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About this product
- DescriptionIn his latest book of essays Karl Miller turns his attention to appreciate certain writers of the English-speaking modern world. A new ruralism has come to tice in this country, and the book is drawn to country lives as they have figured in the literature of the last century. An introductory essay is centred on the Anglo-Welsh borderlands. Journeys taken with Seamus Heaney and Andrew O'Hagan to this countryside, and others, are threaded throughout the book. The poets Seamus Heaney and Ted Hughes are discussed, together with the fiction of Ian McEwan, the Canadian writer Alistair Macleod, the Irish writer John McGahern and the Baltimorean Anne Tyler. Scotland is a preoccupation of the later pieces, including the letters of Henry Cockburn, a lifelong interest of the author, who is also interested here in foxes and their current metropolitan profile.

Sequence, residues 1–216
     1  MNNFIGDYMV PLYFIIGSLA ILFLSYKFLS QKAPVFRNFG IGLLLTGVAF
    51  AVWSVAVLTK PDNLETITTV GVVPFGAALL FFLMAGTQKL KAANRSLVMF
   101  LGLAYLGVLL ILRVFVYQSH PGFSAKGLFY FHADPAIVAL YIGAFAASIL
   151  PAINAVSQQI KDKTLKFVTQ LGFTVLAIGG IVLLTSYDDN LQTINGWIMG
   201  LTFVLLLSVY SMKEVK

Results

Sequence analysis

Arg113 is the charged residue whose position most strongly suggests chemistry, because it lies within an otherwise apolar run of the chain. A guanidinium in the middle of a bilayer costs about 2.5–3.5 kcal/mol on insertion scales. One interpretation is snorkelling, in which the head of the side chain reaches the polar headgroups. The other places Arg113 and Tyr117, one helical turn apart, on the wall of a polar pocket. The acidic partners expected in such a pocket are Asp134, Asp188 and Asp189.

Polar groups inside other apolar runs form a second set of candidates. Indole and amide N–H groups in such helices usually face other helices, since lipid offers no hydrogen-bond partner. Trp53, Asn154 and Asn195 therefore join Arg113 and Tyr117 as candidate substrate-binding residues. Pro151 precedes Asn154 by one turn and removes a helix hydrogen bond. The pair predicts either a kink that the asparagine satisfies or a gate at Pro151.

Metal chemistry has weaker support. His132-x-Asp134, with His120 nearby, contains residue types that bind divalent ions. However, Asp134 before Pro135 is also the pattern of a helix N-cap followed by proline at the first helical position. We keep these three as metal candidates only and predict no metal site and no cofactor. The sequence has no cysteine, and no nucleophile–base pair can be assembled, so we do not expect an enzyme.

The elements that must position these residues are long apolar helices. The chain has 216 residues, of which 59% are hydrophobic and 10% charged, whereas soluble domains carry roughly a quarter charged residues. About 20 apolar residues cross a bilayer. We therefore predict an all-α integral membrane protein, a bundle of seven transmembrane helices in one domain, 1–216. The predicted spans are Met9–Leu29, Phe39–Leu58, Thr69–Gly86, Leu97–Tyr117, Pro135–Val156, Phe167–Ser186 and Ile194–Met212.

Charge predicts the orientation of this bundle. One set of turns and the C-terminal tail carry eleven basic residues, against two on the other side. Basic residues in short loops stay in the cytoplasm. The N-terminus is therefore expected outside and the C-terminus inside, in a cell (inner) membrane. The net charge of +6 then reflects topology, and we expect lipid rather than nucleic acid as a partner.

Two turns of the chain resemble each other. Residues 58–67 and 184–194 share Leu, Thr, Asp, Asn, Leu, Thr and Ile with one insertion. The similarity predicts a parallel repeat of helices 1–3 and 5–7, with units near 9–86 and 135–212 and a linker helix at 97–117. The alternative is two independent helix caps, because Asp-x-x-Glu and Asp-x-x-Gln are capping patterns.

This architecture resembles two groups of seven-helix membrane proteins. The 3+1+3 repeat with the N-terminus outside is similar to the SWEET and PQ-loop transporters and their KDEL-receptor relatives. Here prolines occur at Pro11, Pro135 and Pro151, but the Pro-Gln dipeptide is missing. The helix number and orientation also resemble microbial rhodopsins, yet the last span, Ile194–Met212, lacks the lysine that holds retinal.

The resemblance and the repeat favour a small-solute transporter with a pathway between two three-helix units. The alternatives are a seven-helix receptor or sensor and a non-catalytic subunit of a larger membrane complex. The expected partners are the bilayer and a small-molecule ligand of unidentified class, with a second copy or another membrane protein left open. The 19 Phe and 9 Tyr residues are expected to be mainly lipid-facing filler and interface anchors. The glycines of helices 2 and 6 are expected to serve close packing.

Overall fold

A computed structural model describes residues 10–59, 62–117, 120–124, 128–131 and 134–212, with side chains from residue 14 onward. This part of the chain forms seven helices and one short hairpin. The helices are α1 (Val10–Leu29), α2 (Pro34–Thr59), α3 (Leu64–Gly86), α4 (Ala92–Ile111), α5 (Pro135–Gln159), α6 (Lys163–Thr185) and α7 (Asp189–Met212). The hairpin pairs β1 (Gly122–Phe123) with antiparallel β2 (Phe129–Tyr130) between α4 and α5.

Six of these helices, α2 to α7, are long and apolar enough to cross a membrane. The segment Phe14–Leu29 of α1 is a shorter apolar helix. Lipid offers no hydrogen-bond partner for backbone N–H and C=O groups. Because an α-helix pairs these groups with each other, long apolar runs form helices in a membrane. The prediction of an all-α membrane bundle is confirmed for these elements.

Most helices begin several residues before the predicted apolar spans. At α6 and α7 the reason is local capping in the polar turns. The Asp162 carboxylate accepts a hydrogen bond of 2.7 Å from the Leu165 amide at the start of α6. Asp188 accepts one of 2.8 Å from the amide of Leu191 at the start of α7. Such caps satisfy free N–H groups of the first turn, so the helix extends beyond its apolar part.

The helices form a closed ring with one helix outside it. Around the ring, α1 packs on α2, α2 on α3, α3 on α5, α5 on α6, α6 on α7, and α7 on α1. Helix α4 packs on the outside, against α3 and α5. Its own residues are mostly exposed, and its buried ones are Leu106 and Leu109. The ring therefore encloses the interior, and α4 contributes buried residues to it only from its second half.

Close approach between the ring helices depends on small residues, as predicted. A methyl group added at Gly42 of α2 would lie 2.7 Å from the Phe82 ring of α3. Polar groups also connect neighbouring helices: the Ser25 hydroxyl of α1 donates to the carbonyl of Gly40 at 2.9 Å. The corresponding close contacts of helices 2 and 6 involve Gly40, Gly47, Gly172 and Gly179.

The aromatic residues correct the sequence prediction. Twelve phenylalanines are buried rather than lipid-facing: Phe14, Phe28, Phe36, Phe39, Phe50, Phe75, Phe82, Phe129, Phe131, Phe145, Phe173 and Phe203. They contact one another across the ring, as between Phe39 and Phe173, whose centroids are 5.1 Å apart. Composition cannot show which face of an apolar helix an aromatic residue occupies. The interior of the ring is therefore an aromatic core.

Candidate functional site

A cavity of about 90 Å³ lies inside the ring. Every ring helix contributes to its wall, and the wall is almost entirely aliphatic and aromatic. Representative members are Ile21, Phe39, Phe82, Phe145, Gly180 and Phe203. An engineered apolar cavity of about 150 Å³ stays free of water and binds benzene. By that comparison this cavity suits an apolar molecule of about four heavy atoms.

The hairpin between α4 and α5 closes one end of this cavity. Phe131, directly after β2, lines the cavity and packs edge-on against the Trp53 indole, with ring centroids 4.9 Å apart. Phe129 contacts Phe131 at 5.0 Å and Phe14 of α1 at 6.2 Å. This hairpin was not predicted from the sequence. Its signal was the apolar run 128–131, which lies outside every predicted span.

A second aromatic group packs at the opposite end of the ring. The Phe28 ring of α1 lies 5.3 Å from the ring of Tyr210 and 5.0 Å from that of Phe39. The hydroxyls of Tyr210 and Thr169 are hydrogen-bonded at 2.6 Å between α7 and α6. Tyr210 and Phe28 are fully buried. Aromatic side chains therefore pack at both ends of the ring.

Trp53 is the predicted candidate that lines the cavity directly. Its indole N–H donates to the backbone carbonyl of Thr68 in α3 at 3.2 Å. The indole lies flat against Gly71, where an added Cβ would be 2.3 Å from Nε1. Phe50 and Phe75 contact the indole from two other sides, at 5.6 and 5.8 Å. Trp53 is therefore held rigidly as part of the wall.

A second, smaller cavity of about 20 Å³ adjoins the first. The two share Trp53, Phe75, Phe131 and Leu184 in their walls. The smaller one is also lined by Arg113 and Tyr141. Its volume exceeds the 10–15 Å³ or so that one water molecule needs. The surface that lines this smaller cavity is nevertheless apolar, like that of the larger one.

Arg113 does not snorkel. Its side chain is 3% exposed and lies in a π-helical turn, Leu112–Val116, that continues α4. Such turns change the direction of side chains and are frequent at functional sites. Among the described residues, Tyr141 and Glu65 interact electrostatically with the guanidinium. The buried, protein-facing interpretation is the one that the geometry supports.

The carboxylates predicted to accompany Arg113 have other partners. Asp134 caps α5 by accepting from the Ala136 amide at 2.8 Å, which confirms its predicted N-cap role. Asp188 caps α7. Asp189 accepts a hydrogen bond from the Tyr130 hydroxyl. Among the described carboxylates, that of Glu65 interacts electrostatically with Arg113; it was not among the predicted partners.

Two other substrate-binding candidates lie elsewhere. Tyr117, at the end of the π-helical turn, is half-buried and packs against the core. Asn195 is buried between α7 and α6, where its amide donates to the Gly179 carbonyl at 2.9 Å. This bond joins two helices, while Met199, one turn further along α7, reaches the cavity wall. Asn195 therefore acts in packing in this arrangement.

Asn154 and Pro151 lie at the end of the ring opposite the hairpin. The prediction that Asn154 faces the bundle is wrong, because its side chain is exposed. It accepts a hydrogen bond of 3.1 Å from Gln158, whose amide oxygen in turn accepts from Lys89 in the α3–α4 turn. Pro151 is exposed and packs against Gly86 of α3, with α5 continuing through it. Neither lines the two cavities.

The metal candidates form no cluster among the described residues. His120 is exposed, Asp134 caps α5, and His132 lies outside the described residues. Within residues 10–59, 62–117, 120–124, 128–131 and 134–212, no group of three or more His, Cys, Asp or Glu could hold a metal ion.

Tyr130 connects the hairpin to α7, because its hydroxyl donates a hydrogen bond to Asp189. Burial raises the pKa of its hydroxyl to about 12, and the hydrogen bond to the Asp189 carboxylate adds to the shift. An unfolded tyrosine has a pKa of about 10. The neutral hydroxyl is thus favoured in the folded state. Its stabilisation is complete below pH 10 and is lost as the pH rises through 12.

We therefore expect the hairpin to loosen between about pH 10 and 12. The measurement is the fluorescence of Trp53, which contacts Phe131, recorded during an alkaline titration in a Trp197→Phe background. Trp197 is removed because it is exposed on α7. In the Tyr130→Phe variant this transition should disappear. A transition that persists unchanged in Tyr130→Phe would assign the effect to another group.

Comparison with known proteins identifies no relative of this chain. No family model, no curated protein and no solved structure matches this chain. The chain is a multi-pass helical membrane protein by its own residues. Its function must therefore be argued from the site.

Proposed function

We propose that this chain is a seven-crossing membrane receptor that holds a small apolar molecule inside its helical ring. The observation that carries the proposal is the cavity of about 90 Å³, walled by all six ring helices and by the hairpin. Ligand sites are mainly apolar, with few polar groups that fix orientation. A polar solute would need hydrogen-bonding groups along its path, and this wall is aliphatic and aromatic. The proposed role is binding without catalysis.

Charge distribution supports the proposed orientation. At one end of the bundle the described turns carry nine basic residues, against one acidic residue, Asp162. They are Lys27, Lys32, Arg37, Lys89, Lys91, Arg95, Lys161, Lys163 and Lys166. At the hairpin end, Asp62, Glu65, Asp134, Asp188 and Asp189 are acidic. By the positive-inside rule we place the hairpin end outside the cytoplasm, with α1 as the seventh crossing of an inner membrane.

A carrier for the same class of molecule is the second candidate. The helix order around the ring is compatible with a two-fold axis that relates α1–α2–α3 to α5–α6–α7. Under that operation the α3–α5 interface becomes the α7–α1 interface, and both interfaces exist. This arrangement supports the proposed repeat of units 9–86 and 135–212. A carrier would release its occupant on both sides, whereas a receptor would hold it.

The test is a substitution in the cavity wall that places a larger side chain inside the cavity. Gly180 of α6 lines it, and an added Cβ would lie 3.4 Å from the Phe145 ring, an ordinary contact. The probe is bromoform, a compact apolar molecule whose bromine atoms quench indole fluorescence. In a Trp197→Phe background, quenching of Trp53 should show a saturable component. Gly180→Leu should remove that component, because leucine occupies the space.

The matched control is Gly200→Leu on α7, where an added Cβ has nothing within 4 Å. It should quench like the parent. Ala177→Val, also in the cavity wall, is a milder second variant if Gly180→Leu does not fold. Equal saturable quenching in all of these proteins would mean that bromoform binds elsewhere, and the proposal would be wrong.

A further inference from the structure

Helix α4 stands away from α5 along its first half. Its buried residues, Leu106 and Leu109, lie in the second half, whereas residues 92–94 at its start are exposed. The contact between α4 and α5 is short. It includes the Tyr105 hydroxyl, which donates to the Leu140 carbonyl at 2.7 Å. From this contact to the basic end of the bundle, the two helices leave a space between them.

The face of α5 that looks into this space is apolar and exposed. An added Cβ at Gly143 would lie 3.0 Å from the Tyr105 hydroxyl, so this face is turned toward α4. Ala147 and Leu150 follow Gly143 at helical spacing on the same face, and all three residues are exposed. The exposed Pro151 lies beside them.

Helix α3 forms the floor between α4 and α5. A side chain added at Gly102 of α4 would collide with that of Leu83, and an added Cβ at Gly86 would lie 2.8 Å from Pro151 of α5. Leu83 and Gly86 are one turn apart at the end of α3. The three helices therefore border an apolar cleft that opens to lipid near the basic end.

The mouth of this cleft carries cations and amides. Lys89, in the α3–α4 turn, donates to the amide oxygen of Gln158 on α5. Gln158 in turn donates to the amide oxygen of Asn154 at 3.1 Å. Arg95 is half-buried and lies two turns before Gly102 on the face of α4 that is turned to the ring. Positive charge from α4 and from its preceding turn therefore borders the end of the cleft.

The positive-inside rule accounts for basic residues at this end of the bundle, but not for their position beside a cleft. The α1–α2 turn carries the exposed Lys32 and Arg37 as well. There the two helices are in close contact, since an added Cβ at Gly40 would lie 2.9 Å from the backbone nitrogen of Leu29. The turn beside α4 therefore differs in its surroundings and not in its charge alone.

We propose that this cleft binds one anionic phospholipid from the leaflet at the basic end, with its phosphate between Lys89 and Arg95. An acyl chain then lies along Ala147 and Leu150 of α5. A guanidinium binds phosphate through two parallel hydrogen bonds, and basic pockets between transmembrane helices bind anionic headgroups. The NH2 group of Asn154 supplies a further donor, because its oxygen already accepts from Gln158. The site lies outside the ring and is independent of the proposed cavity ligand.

- Author BiographyKarl Miller was educated at the Royal High School of Edinburgh and Cambridge and Harvard Universities. He became literary editor of the Spectator and the New Statesman as well as editor of the Listener, and went on the found The London Review of Books, which he edited for many years. From 1974 to 1992 he served as Lord Northcliffe Professor of Modern English Literature at University College, London. His books include Cockburn's Millennium, which received the James Tait Black Memorial Award, Doubles, Authors, a Life of James Hoggart, Electric Shepherd and two volumes of autobiography, Rebecca's Vest and Dark Horses.
- Author(s)Karl Miller
- PublisherQuercus Publishing
- Date of Publication28/02/2013
- SubjectLiterary Criticism
- Place of PublicationLondon
- Country of PublicationUnited Kingdom
- ImprintQuercus Publishing
- Content Noteillustrations
- Weight240 g
- Width153 mm
- Height197 mm
- Spine19 mm
- Introduction byAndrew O'Hagan,Seamus Heaney
- Format DetailsB-format paperback
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